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Rugby world reaction: 'Victory of willpower'

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    08 Oct 2018     Getty Images

However, at least one critic, former England and British & Irish Lions international Stuart Barnes believes the All Blacks were tired but whether that was because of their travel schedule in the last fortnight, or their season overall, remained to be seen.

Reaction was:

Stuart Barnes, Sky Sports: "They didn't play well, they were outplayed by South Africa in just about every aspect of this game. What they have is a belief and that comes from winning and winning and winning. And somehow they were able to extricate their minds from what happened in Wellington. Apart from the Rieko Ioane try we didn't see any of the magical New Zealand. This was a victory of willpower and yes they weren't at their best but we saw another New Zealand today and when you get to World Cups sometimes you need that capacity. We doubted that after Wellington, they proved it today.



"A champion team is a vulnerable team. I've just got a feeling New Zealand are a little bit tired…I just get a feeling they're a little bit vulnerable. If a team can take them on up front I think they could be there for the taking."

Nick Mallett, SA SuperSport: "A bit of ill-discipline crept into our game. We had a couple of turnovers at the breakdown, they had a few phenomenal kicks into the corner. We have to compliment this All Blacks team. It is heartbreaking for the Springboks who play so phenomenally, but let's give credit to the All Blacks.
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"When they decided to hold onto the ball among their forwards, with the close quarter driving play that they have, every player had a support player on his shoulder. It doesn't matter if they made half a metre or a metre, they scored two tries from it. We had similar situations and we turned the ball over. So their close-quarter control of the ball and a bit of ill-discipline from us won them the game.

"A technical point on the last two tries that they scored; that had a lot to do with experience. Their forwards drive past the ball, So the player goes to ground and the cleaner goes well past the ball. The next guy that picks and goes, runs into that hole. It's so closely packed together that it's hard to call it obstruction. Perhaps we stick too closely to the laws, we clean over the ball, they clean past the ball and that opens up the opportunity. It is hard to see, but that is the kind of experience we will learn in a year under Rassie [Erasmus]."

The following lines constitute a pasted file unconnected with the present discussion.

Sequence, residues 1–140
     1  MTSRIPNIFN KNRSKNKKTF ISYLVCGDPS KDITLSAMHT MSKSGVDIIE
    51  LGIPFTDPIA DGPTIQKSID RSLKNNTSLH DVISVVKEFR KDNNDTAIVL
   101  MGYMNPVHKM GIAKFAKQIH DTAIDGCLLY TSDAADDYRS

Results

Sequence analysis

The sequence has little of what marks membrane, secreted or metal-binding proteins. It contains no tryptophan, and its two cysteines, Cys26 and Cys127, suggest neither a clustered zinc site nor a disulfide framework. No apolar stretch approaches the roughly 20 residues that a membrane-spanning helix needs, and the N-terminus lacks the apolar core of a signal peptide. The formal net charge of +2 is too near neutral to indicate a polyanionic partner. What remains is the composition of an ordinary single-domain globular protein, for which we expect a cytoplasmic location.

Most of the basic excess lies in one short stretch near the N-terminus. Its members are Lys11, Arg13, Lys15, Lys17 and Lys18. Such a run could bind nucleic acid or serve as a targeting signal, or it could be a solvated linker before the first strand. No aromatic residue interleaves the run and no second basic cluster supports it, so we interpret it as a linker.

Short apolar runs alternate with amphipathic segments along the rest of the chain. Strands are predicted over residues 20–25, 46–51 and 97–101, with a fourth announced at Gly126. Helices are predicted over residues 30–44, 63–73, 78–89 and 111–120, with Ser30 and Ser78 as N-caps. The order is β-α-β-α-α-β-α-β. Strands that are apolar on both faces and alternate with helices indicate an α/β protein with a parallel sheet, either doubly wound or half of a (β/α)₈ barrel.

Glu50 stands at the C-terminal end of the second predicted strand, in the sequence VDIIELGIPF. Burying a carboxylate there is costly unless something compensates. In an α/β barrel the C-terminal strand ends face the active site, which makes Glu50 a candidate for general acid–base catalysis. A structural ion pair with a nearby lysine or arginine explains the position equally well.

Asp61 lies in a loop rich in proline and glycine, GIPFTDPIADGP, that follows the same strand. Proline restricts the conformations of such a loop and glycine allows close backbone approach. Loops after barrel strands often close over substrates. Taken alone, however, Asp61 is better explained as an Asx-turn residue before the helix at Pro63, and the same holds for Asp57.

Bryan Habana, Sunday Independent: "Rassie has thrown the net wide, given international experience to a lot of players, and he'll know who he can call on in the next year, leading up to the World Cup. The core is there, and it's been here for a while, but it's crucial some other players have had a taste of Test rugby. By the start of next year, he'll have a good idea of his best 23 – a smart move on Rassie's part.

"Everyone is looking at New Zealand to be the title runners next year…but the Boks winning in Wellington will be incredibly important.

"We also won there in 2008 and the next year, 2009, was a very successful one for us. The Boks will be a confident bunch now, and they'll have belief that they can beat the best. It's going to be tough for them in Japan, but South Africans are a resilient bunch, and they'll believe they can go all the way."

Liam del Carme, SA Sunday Times: "The All Blacks' standing experienced some mild tremors when these teams last met and yesterday they were exposed to a full-blown seismic event until they summoned enough courage and energy to win this match.

"For a team that had travelled just under 20,000km in the last fortnight it was a truly monumental comeback, leaving Springbok coach Rassie Erasmus to perhaps lament his decision to withdraw man of the match Malcolm Marx from battle when the team needed him most.

"Despite the defeat the Springboks proved themselves as disrupters to rugby's world order."